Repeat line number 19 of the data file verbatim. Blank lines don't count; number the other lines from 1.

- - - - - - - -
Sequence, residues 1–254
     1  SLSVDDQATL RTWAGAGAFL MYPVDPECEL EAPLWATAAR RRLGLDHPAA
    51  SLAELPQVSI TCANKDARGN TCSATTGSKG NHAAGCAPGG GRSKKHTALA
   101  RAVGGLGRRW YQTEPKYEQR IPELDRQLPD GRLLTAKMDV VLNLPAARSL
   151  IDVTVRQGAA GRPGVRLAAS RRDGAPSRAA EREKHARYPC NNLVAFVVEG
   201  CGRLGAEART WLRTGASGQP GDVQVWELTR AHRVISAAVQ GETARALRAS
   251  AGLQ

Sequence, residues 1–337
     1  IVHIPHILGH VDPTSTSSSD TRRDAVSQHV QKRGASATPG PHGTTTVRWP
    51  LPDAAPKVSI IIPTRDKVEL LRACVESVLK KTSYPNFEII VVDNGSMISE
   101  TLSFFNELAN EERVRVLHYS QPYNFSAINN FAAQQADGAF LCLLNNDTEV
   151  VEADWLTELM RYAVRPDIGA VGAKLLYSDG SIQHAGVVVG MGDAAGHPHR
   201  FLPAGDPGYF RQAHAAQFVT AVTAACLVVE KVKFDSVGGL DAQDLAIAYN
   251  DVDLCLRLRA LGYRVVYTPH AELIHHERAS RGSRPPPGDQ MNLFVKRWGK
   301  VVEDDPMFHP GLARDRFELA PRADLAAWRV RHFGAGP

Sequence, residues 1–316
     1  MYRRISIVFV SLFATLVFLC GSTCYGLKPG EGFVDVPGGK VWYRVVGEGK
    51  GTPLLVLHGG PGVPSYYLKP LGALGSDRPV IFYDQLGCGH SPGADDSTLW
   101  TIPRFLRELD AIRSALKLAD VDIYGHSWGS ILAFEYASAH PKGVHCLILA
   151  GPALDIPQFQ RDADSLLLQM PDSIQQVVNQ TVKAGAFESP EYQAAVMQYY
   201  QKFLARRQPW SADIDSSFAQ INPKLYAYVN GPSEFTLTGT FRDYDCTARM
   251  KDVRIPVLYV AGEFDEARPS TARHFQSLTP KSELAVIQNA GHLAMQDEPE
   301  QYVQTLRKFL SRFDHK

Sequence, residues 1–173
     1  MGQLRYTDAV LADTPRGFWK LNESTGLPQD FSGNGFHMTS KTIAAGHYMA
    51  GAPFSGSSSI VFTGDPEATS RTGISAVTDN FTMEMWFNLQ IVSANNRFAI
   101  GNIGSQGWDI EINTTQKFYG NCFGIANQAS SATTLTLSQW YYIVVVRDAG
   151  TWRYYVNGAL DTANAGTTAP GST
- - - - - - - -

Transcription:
   101  TIPRFLRELD AIRSALKLAD VDIYGHSWGS ILAFEYASAH PKGVHCLILA